Out of this chaos of mingled purposes and cafualties the ancient poets, according to the laws which custom had prescribed, felected fome the crimes of men, and fome their abfurdities; fome the momentous viciffitudes of life, and fome the lighter occur


rences; fome the terrours of distress, and some the gayeties of profperity. Thus rofe the two modes of imitation, known by the names of tragedy and comedy, compofitions intended to promote different ends by contrary means, and confidered as fo little allied, that I do not recollect among the Greeks or Romans a fingle writer who attempted both.

Shakespeare has united the powers of exciting laughter and forrow not only in one mind but in one compofition. Almost all his plays are divided between ferious and ludicrous characters, and, in the fucceffive evolutions of the defign, fometimes produce seriousness and forrow, and fometimes levity and laughter.

That this is a practice contrary to the rules of criticifm will be readily allowed; but there is always an appeal open from criticism to nature. The end of writing is to inftruct; the end of poetry is to instruct by pleasing. That the mingled drama may convey all the instruction of tragedy or comedy cannot be denied, because it includes both in its alterations of exhibition, and approaches nearer than either to the appearance of life, by fhewing how great machinations and flender defigns may promote or obviate one another, and the high and the low co-operate in the general fyftem by unavoidable concatenation.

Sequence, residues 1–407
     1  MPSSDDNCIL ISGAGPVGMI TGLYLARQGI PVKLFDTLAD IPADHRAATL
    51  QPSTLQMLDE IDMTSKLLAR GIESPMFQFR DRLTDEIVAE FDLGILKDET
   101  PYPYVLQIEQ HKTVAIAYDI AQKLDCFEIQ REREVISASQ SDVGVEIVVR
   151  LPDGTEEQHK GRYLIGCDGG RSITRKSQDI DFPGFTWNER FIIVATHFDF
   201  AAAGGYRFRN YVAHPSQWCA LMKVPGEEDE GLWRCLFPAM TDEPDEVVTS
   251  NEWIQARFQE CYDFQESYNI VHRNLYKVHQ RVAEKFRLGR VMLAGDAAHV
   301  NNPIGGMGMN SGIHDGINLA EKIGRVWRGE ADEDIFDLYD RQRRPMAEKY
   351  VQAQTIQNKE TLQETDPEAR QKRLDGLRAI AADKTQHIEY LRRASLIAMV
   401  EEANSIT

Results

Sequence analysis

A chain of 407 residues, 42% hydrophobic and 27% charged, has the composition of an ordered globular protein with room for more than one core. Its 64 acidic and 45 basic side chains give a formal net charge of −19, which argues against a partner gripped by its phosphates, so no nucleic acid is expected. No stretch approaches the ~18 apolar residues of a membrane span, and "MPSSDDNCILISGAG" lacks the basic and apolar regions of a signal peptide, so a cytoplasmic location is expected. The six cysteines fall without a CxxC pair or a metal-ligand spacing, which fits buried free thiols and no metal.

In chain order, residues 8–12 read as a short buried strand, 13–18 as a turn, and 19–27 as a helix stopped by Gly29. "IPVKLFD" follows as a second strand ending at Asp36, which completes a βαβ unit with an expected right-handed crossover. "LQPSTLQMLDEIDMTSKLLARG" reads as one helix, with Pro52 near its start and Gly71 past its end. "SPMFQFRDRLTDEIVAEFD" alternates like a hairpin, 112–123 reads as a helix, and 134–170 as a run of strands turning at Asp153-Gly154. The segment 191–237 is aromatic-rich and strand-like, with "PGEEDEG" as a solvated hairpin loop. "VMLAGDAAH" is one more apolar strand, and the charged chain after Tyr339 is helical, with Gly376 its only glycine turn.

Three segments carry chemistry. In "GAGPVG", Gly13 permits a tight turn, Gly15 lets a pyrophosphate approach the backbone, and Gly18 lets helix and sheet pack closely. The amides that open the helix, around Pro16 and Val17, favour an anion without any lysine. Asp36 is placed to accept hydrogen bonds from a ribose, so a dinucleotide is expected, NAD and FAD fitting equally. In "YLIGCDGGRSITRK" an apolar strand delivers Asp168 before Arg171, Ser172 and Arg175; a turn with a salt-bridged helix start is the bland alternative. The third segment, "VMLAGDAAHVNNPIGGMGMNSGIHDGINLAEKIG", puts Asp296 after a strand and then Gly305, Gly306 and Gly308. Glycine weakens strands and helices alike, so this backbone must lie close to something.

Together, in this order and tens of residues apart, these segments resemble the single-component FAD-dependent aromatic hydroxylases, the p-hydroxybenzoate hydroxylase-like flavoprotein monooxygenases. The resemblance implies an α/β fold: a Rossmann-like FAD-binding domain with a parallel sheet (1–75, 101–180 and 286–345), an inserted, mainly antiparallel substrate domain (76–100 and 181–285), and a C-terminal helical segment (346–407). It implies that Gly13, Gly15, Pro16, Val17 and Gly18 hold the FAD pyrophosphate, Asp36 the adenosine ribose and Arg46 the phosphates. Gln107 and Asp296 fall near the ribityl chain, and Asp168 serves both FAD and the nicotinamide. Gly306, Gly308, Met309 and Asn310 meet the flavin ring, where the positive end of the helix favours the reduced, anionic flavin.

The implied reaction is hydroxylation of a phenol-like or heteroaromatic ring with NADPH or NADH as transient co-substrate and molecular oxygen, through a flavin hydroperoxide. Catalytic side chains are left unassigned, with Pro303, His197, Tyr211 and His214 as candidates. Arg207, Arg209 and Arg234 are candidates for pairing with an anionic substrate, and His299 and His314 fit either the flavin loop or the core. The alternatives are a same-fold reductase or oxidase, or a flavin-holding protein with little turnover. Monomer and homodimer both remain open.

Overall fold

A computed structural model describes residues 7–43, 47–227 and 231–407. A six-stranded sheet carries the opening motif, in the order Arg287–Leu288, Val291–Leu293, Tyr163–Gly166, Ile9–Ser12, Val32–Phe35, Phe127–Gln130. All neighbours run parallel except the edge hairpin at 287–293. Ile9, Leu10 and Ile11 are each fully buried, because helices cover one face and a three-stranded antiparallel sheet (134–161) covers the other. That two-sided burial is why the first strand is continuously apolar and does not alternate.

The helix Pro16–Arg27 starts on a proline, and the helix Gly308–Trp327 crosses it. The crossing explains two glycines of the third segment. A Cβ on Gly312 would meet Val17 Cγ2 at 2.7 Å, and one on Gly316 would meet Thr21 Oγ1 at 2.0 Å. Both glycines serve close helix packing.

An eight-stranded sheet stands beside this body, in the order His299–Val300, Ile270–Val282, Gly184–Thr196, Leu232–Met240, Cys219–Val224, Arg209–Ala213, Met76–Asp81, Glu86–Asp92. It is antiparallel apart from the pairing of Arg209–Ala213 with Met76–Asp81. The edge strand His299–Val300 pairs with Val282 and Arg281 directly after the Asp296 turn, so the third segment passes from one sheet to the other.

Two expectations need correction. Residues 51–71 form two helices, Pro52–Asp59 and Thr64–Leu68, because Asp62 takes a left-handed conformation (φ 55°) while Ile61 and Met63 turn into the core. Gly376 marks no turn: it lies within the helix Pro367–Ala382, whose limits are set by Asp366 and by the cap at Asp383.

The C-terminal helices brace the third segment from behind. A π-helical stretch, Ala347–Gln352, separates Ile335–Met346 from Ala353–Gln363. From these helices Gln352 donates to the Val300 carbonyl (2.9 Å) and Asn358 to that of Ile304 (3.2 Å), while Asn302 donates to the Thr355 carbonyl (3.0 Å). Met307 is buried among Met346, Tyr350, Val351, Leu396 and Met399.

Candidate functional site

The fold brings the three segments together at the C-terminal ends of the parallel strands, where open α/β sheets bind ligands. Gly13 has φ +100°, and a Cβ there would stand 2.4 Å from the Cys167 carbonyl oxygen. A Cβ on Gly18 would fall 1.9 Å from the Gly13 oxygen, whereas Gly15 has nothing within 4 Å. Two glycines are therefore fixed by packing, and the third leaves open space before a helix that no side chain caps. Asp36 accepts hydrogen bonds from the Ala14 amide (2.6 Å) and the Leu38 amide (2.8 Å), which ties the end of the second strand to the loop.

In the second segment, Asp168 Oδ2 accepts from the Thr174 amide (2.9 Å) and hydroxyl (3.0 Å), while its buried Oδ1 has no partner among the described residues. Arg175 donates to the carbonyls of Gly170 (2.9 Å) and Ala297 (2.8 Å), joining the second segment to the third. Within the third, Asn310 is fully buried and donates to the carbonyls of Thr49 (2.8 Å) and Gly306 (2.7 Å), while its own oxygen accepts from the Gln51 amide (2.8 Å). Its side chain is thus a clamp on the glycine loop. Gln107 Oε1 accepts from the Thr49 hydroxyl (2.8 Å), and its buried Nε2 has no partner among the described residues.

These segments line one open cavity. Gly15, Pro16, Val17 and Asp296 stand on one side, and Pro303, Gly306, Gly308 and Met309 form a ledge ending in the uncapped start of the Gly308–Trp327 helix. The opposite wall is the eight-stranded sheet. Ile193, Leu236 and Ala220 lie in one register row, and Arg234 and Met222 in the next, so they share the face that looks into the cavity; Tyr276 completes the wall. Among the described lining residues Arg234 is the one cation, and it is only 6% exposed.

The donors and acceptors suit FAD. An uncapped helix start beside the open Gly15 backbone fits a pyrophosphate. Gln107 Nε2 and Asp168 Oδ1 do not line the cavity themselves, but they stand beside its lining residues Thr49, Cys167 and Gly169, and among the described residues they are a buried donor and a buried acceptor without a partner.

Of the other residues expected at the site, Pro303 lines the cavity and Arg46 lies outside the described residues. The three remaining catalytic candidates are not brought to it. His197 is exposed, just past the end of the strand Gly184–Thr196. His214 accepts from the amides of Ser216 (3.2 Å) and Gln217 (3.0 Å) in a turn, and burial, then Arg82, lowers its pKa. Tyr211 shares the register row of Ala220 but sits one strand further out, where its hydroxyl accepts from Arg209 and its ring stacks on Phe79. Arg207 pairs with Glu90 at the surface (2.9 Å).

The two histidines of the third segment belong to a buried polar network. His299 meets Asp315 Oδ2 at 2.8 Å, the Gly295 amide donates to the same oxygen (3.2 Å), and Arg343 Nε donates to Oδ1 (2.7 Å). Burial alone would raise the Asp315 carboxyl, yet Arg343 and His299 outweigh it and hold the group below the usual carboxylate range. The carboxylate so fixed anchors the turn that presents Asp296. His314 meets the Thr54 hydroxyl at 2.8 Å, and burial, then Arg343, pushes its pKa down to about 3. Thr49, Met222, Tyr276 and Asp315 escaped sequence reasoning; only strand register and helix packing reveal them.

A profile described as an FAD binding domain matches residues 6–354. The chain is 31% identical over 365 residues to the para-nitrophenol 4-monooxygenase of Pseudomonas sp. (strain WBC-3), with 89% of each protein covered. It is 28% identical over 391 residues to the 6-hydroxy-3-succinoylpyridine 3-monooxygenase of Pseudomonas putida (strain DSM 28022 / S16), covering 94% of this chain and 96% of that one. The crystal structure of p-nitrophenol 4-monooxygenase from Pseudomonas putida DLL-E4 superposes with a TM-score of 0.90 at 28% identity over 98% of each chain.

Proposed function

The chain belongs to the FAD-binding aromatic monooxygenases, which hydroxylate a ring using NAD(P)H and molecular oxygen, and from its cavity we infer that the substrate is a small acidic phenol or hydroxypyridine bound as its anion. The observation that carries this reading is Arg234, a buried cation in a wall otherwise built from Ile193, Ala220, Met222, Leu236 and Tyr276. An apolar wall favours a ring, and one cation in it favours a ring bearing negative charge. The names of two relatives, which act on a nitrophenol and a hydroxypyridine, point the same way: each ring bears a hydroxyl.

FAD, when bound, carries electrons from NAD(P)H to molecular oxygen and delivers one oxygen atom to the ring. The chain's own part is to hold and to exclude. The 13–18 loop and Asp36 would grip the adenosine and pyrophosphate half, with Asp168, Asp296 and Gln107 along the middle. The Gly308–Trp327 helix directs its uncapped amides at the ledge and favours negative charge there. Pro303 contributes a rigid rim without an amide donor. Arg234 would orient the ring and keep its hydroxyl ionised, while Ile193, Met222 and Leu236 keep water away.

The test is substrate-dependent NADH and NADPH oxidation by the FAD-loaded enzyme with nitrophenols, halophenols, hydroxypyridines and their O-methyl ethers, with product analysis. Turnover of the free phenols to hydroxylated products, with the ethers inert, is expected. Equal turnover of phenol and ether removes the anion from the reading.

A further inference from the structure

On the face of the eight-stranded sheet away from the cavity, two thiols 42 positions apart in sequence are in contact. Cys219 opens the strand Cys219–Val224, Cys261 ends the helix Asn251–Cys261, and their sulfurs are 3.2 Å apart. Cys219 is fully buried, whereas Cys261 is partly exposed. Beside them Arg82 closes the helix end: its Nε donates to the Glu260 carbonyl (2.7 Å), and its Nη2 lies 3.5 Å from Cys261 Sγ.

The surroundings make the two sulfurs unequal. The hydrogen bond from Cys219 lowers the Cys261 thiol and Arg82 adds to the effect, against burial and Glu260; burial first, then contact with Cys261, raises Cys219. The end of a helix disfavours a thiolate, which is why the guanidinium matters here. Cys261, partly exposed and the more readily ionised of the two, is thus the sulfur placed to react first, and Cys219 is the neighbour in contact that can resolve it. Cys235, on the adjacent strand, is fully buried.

It is objected, that by this change of fcenes the paffions are interrupted in their progreffion, and that the principal event, being not advanced by a due gradation of preparatory incidents, wants at laft the power


power to move, which conftitutes the perfection of dramatick poetry. This reafoning is fo fpecious, that it is received as true even by thofe who in daily experience feel it to be falfe. The interchanges of mingled fcenes feldom fail to produce the intended viciffitudes of paffion. Fiction cannot move fo much, but that the attention may be easily transferred; and though it must be allowed that pleasing melancholy be fometimes interrupted by unwelcome levity, yet let it be confidered likewife, that melancholy is often not pleafing, and that the disturbance of one man may be the relief of another; that different auditors have different habitudes; and that, upon the whole, all pleafure confifts in variety.